This flashlight lives in my pocket, both at work and everywhere else. It’s the best flashlight I’ve found for my needs. It has a low, medium, and high setting – on low (8 lumens) it is perfect for checking a patient’s pupils, or sneaking in to check on a patient without waking them up.
Then if I need to really illuminate a room, I crank on 130 lumens. Even in a lit room, it’s noticeably bright. Perfect for assessing wounds when the light is shining the wrong direction, or checking out that bump in the night. It is also part of my planned self-defense strategy at work, where I can’t carry. 130 lumens is plenty bright to make an attacker shut their eyes – so I can either get away or counterattack as necessary.
The flashlight is 3.5 inches long, and 0.5 inches diameter. It is perfectly round, I wish it had a bevel cut in it to keep it from rolling straight off a table when I set it down. Fits great in my pocket.
It operates on a tail switch. I’ve never had it unintentionally turn on in my pocket, and it works 100% of the time – unlike my E11, where if it had been on for a few minutes, it would refuse to turn back on. The tail switch cycles through brightness, from low to high. I wish it were high to low for self defense applications, but I haven’t found another light that is convenient to carry and is any better for general use.
Battery life: I stuck an Energizer Lithium AA battery in it back in May when I got it, and haven’t changed it – despite regular use. Lithium batteries are awesome.
I’d highly recommend this flashlight, and they haven’t even given me anything to say that!
I’ve had the privilege of being one of the main preceptors on my floor for the past couple years. It’s been awesome – I love working with new nurses. It feels nice having the occasional night where I look around at huddle and realize I helped train a majority of the nurses. Some new nurses are pretty good to begin with – by the end third week, I’m mostly helping out on the rest of the floor, and the new grad is taking the full group. Others take more time, and we’re both staying busy until the end of their five week standard orientation.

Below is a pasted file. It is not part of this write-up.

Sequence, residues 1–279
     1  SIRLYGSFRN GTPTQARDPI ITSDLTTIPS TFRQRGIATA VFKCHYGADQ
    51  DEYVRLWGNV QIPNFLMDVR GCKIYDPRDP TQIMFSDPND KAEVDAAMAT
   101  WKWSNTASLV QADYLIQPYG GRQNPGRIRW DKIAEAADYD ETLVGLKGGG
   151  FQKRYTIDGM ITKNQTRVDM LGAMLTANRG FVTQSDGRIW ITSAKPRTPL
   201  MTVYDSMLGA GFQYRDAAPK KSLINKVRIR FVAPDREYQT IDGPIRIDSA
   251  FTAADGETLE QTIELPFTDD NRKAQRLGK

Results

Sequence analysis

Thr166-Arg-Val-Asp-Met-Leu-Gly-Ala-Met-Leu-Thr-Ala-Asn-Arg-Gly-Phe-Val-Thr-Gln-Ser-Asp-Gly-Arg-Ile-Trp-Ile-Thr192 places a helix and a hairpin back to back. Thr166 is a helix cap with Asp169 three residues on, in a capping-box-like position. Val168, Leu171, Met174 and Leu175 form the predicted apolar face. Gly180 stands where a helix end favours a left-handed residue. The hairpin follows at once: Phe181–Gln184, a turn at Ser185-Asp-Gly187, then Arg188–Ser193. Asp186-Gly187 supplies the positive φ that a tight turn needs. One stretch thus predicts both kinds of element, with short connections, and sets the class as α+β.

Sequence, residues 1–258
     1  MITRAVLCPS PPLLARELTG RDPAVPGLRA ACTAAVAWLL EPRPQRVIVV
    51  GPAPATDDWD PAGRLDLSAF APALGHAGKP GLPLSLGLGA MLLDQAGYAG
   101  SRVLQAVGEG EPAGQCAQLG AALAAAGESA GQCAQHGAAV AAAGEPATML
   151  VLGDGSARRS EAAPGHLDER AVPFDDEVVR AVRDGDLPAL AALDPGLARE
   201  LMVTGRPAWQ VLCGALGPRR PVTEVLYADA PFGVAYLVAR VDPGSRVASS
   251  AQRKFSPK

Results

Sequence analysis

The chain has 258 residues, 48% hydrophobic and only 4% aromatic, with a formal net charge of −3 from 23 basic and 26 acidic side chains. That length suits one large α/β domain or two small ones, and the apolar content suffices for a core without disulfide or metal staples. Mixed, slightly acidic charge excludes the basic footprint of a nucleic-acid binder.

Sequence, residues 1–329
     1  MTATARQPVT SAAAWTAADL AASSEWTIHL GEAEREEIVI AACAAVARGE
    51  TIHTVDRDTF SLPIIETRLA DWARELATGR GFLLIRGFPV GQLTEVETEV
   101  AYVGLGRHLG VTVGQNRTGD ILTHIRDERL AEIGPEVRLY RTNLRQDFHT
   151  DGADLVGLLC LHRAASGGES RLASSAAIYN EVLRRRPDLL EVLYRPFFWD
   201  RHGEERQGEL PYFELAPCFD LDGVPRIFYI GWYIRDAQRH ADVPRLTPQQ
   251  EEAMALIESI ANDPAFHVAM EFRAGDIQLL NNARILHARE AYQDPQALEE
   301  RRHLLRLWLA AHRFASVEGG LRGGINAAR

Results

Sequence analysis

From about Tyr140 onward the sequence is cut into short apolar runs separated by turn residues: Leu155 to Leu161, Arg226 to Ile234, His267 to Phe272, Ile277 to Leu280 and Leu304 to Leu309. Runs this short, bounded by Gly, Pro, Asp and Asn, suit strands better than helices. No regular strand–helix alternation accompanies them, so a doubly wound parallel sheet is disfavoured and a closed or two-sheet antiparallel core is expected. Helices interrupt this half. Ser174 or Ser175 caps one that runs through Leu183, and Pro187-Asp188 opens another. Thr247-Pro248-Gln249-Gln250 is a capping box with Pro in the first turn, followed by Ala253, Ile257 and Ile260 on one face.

I’ve only had to extend an orientation once – where I emailed the director and said I felt the nurse was not ready to be on their own, and should probably work on a lower acuity floor. We ended up extending this nurse’s orientation by two weeks, and I still felt nervous any time I saw the nurse was on the schedule.
Precepting has been one thing that has kept me on the same floor as long as I’ve been there (a whopping three-ish years – and I’m one of the more senior nurses now). Few things are more rewarding than taking a fresh out of school nurse and helping them become a kick-ass RN.
The big thing I hope they learn from me is to take care of your patient first, and always. If a patient needs pain meds, it doesn’t matter that it’s 2 AM. Call and wake the doc up. You feel like your patient is getting worse, but the doc doesn’t want to come in. Ok, call the charge, the house supervisor, rapid response, the attending – whoever you need to call to get your patient taken care of.
I do feel week 3 is the most nerve-wracking week as a preceptor. They know the basics, now it’s time to let them build some confidence and independence. So I stop following them around. They know what they’re doing… I hope! Still do some spot checks – Zosyn needs to be hung on primary tubing, and we talked about that – but I still swing by after they hang it, just to double check. If you let them make a mistake, they remember it much better.
Now I’m off to bed, a busy day awaits!